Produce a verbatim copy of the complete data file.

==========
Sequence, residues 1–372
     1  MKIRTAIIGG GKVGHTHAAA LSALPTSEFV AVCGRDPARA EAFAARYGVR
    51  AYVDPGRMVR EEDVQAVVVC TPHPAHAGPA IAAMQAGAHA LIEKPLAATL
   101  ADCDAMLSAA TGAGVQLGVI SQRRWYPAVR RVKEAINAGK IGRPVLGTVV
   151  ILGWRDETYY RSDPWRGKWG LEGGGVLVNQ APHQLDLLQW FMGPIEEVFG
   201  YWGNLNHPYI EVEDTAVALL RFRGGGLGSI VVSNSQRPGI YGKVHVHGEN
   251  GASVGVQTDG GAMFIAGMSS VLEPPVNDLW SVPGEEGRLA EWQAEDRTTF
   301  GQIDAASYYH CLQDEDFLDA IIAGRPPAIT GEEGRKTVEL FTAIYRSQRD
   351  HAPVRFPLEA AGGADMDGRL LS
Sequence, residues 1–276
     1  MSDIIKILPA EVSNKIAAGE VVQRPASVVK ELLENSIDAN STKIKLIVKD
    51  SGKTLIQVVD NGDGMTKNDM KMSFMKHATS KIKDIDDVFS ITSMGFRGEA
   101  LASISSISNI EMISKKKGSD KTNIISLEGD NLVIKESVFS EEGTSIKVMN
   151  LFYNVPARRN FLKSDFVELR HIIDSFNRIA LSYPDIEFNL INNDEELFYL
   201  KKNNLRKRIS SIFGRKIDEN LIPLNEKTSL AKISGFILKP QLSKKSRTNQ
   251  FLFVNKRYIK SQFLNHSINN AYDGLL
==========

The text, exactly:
Sequence, residues 1–372
     1  MKIRTAIIGG GKVGHTHAAA LSALPTSEFV AVCGRDPARA EAFAARYGVR
    51  AYVDPGRMVR EEDVQAVVVC TPHPAHAGPA IAAMQAGAHA LIEKPLAATL
   101  ADCDAMLSAA TGAGVQLGVI SQRRWYPAVR RVKEAINAGK IGRPVLGTVV
   151  ILGWRDETYY RSDPWRGKWG LEGGGVLVNQ APHQLDLLQW FMGPIEEVFG
   201  YWGNLNHPYI EVEDTAVALL RFRGGGLGSI VVSNSQRPGI YGKVHVHGEN
   251  GASVGVQTDG GAMFIAGMSS VLEPPVNDLW SVPGEEGRLA EWQAEDRTTF
   301  GQIDAASYYH CLQDEDFLDA IIAGRPPAIT GEEGRKTVEL FTAIYRSQRD
   351  HAPVRFPLEA AGGADMDGRL LS
Sequence, residues 1–276
     1  MSDIIKILPA EVSNKIAAGE VVQRPASVVK ELLENSIDAN STKIKLIVKD
    51  SGKTLIQVVD NGDGMTKNDM KMSFMKHATS KIKDIDDVFS ITSMGFRGEA
   101  LASISSISNI EMISKKKGSD KTNIISLEGD NLVIKESVFS EEGTSIKVMN
   151  LFYNVPARRN FLKSDFVELR HIIDSFNRIA LSYPDIEFNL INNDEELFYL
   201  KKNNLRKRIS SIFGRKIDEN LIPLNEKTSL AKISGFILKP QLSKKSRTNQ
   251  FLFVNKRYIK SQFLNHSINN AYDGLL